UK-based infrastructure investor John Laing has continued to incur losses from its renewable energy projects across all geographies with its Australian solar farms particularly badly affected by transmission issues. Total write-downs in the first half of the year amounted to £234 million (AU$427 million), of which £173 million (AU$315 million) related to the company’s renewable energy portfolio.
In its H1 2020 results, John Laing reported the project performance losses of its APAC renewable energy portfolio amounted to £49 million (AU$89 million), £43 million (AU$78.5 million) were on its two Australian solar assets – the Finley and Sunraysia solar farms located in a troubled part of the grid in southwestern NSW. This follows the significant losses of £66 million (AU$120.5 million) in the first half of last year from marginal loss factors (MLFs).
The losses reported last year prompted the company’s decision to suspend any new investment in Australian renewable generation and led to its decision earlier this year to make no further investment in standalone solar and wind across the globe. Following a re-assessment of the risk/return profile of the renewable energy sector, the investor kicked off a sale process for its Australian portfolio of assets, which comprises: Cherry Tree Wind Farm and Kiata Wind Farm in Victoria; Granville Harbour Wind Farm in Tasmania; Finley Solar Farm and Sunraysia Solar Farm in NSW; and Hornsdale Wind Farm in South Australia.
Transmission and financial losses
In the meantime, MLFs have been only slightly adjusted for 2020-21 delivering some good news for operational utility-scale renewable energy projects. However, the reduced need for MLF adjustments came as a result of a slowdown in new project development and additional network constraints. “There have been only small changes in MLFs and in the MLF regime in this period which have led to a positive fair value movement of £3 million (AU$ 5.5 million),” John Laing says in its latest report.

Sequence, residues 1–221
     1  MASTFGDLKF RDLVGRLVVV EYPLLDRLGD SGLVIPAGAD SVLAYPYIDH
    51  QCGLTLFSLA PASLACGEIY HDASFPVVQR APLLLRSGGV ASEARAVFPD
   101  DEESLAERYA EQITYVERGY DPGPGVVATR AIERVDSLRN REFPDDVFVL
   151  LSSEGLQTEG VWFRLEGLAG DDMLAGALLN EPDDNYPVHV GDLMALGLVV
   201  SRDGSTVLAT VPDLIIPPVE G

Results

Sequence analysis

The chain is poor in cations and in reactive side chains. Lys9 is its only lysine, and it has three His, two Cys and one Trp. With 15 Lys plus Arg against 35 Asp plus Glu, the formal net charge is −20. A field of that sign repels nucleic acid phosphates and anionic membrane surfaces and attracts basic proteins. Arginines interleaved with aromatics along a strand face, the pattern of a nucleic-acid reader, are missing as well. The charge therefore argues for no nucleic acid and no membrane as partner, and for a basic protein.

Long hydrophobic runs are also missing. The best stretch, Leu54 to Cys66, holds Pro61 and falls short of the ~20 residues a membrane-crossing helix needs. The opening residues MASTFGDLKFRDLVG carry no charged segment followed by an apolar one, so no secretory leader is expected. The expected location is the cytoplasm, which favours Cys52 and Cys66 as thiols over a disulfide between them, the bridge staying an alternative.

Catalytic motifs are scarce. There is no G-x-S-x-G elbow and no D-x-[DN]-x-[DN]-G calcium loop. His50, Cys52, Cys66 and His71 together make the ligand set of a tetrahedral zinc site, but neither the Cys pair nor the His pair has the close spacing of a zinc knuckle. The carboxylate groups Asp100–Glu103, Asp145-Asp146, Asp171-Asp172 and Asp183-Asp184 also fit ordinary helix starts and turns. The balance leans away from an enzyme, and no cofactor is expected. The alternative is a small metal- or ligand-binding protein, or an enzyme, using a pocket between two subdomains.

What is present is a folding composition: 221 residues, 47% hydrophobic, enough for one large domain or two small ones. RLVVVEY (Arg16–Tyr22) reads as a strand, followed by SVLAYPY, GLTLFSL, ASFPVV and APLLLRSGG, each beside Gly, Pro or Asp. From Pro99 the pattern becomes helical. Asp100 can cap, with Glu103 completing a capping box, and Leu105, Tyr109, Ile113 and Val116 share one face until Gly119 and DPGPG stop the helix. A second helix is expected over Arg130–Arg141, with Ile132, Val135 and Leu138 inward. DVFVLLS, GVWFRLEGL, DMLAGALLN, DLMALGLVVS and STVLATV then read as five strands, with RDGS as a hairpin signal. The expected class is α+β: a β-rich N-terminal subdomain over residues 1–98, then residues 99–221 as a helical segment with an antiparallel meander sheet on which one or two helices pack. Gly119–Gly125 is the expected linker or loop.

In the first half of the year, transmission issues in Australia were directly responsible for £11 million (AU$ 20 million) in the company’s losses. “This primarily relates to a loss on one of our solar projects as a result of transmission-related issues. Due to the instability of the power system in south-western New South Wales, AEMO imposed a constraint on this network. This limits the flow of power on the main transmission line,” John Laing said.
The issue of stability in the south-west NSW power system has been raised by state network owner Transgrid, which is currently seeking submissions from proponents of non-network options that could improve the situation in the region where the high quality of renewable energy resources has attracted a lot of interest from investors. Transgrid has highlighted the risk posed by the commissioning of new generation in south-west NSW that is expected to result in high power flows east towards Wagga Wagga from mid-2020.
While the UK investor does not name the project behind the £11 million loss, it should refer to its only operational solar farm in the region – the 175 MW Finley project commissioned in late 2019. The Finley Solar Farm has also been one of the projects worst affected by MLFs adjustments.
John Laing’s other Australian PV project in the same region, the 255 MW Sunraysia Solar Farm is scheduled for commissioning in 2020. However, Sunraysia has been stuck in the slow lane after it had experienced technical issues and has failed to obtain registration from the Australian Energy Market Operator (AEMO) to this date.
“A remediation plan is in place at Sunraysia, which has experienced technical issues related to transformers and where delays with the AEMO registration processes have held up connections to the grid,” the investor said in the report. The delays on the project have led to an ongoing legal dispute between the main contractor Decmil and the project owners, John Laing (90.1%) and Maoneng.
In addition, the investor reported a £50 million loss (AU$91 million) due to lower power price forecasts across its renewable energy portfolio. As the Covid-19-induced fall in economic activity led to lower electricity demand, John Laing says “the medium- to longer-term outlook for power prices has also generally weakened due to falling gas and carbon prices as well as increasing renewable energy penetration.”
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